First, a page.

Reply #10
For a music specific video, I normally take the 2.0 stream and mux the ac3 directly.

But I have to insist that on the rips I have done, the surround info is maintained well.

Are we discussing bitrate failure, or a problem in encoding the out of phase info?

  • atom
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:-( MP3 destroys Surround Sound encoding
Reply #11
The surround info is usually maintained to some degree, but with some severe distortion at lower bitrates.  Take a closer listen to the rear speakers - in all likelyhood you will hear some severe flanging on cymbals and explosions.

  • plonk420
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:-( MP3 destroys Surround Sound encoding
Reply #12
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My DVD rips are all encoded with alt ABR 128 and the surround info is fine.


ew! ew! ew!

192ABR/CBR (stereo) is a BARE MINIMUM... holy crap!  even APS -M S (stereo) sounds a bit odd. 224 to 256 seems to be the sweet spot for the music i've been experimenting with recently (like 99% eurodance, electronica, etc) .. i need to try some hard rock, tho; i have the Guano Apes sitting right here begging to be re-ripped ever since i discovered how APS (in its defaulting to Joint Stereo) utterly destroys the soundfield.

for the rest of you tweakers, the most buttugly example i can find of stereo being jacked up is Crazytown's Darkside .. *shudders* ... sounds pretty cool when played as a WAV/APE or high, high quality MP3...
  • Last Edit: 05 December, 2002, 10:27:53 AM by plonk420

:-( MP3 destroys Surround Sound encoding
Reply #13
you don't need -ms for surround, mj is just fine! MS Stereo can losslessly recreate the normal stereo information IIRC!

FYI:
http://www.hydrogenaudio.org/forums/index....t=ST&f=15&t=995
  • Last Edit: 05 December, 2002, 11:07:04 AM by Benjamin Lebsanft

  • atom
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:-( MP3 destroys Surround Sound encoding
Reply #14
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you don't need -ms for surround, mj is just fine!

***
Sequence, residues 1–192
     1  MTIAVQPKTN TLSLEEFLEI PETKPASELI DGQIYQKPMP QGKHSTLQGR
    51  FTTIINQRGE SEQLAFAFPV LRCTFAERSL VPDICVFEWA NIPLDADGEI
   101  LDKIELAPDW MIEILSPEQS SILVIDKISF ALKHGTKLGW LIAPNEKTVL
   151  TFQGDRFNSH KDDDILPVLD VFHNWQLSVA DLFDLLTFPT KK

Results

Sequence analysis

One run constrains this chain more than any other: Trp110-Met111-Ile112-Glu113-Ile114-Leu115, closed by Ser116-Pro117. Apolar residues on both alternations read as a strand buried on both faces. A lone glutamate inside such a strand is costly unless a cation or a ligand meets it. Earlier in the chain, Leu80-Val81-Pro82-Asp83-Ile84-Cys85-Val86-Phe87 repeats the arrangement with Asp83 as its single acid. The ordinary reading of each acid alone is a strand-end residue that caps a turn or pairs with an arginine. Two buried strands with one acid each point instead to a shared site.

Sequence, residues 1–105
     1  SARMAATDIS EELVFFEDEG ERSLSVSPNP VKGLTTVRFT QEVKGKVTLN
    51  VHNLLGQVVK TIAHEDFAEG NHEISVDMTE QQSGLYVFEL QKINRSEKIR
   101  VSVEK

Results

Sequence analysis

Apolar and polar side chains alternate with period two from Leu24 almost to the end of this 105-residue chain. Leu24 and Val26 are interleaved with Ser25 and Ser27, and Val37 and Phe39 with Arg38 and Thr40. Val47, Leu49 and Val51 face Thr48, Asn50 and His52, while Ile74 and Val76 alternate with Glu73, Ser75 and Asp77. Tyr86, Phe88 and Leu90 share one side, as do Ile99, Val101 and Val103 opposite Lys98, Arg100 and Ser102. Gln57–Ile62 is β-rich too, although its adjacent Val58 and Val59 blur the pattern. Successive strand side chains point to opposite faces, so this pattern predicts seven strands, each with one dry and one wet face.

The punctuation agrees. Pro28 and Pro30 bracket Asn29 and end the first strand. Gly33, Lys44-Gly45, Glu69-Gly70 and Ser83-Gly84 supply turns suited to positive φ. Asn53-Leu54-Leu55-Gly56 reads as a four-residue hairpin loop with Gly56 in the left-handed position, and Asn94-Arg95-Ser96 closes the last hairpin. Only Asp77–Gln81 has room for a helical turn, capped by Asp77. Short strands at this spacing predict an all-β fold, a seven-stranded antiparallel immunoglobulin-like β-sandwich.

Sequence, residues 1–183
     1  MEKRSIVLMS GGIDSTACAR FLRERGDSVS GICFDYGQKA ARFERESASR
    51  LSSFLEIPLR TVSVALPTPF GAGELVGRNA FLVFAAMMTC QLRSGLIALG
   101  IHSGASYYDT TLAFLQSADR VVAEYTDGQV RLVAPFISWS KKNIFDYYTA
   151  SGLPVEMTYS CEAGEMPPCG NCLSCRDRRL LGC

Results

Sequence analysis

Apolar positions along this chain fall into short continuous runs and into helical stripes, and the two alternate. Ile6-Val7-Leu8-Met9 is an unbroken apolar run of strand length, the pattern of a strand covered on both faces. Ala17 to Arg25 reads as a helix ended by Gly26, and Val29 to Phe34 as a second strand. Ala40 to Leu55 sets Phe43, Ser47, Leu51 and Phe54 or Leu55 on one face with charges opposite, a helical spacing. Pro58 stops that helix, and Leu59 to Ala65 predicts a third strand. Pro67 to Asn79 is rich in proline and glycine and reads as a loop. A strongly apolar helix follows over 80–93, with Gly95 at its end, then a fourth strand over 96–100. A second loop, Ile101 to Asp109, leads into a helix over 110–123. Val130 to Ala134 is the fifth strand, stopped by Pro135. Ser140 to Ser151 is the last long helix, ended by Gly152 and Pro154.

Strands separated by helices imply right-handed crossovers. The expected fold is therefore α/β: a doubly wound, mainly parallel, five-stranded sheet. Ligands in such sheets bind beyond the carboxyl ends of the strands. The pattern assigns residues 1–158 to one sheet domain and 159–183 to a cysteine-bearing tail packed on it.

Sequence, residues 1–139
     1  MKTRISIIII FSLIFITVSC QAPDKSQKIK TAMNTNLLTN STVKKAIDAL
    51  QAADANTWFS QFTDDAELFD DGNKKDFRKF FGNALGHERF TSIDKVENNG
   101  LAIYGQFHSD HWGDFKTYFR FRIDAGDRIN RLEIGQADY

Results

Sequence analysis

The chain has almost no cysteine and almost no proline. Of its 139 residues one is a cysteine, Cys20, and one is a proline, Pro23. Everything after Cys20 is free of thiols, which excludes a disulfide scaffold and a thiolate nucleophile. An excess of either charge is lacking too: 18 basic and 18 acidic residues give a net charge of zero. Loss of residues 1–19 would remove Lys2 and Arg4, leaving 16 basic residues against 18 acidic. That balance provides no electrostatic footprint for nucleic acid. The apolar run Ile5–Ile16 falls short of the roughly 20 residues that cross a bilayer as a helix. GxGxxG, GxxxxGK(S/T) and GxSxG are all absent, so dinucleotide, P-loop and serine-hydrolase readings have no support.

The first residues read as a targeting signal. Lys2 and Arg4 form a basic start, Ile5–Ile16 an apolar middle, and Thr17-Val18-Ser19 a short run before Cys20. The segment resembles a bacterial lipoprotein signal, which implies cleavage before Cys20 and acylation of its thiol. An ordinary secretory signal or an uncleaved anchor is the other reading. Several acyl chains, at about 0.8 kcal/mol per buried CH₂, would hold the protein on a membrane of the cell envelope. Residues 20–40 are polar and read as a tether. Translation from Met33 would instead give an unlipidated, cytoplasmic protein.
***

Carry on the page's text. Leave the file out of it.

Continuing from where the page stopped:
Hi Benjamin

Um... not exactly sure what you're on about, but if you're referring to my use of the --ms switch above, please re-read my post carefully.

The switch is used with MPC to adjust the accuracy of MPC's equivalent of joint stereo encoding.  It was merely a suggested as an alternative to MP3 (Lame), which seems to have a hard time encoding surround information properly.

  • Mgz
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:-( MP3 destroys Surround Sound encoding
Reply #15
I thinks it's a hardware problem.....


MP3 is 2 channel (stereo) and only way to get sound from rear spker is emuate it virtually


If you have a creative spk/sndcrd,it's called CMSS ...

In Philips soudncard,it's called QMSS

you can find more info @ http://www.3dsoundsurge.com
still LAME 3.96.1 --preset extreme -q 0 -V 0 -m s at least until 2005.

  • atom
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:-( MP3 destroys Surround Sound encoding
Reply #16
Hi Mgz

This is (unfortunately) not a hardware malfunction.  Dolby Pro-logic was developed as a mechanism for encoding a front center and surround channel into a standard stereo stream (i.e. four channels from a standard two-channel stereo stream.)

The mechanism relies heavily on stereo imaging (as described here and here.)

The same effect (sound from the center and surround channels) may occur on non-DPL tracks if there are sufficiently out-of-phase stereo sounds, such as heavy reverb or recording the audience in stereo on live shows.

Lossy encoders tend to sacrifice stereo information at lower bitrates, since this leaves more bandwidth for removing more apparent artifacts.  Any deviation from the original recording could result in unusual sounds from the center and surround channels.

DPL and DPL-II are discribed in-depth on the Dolby Web Site.

  • Mgz
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:-( MP3 destroys Surround Sound encoding
Reply #17
Quote
Hi Mgz

This is (unfortunately) not a hardware malfunction.  Dolby Pro-logic was developed as a mechanism for encoding a front center and surround channel into a standard stereo stream (i.e. four channels from a standard two-channel stereo stream.)

The mechanism relies heavily on stereo imaging (as described here and here.)

The same effect (sound from the center and surround channels) may occur on non-DPL tracks if there are sufficiently out-of-phase stereo sounds, such as heavy reverb or recording the audience in stereo on live shows.

Lossy encoders tend to sacrifice stereo information at lower bitrates, since this leaves more bandwidth for removing more apparent artifacts.   Any deviation from the original recording could result in unusual sounds from the center and surround channels.

DPL and DPL-II are discribed in-depth on the Dolby Web Site.

ya,I forgot,WinDVD 4.0 can do it,2 ,QMSS and CMSS is low-level support


but IMO listen Mp3 in 5.1 is REALLY SUX...just try,and you will see 
still LAME 3.96.1 --preset extreme -q 0 -V 0 -m s at least until 2005.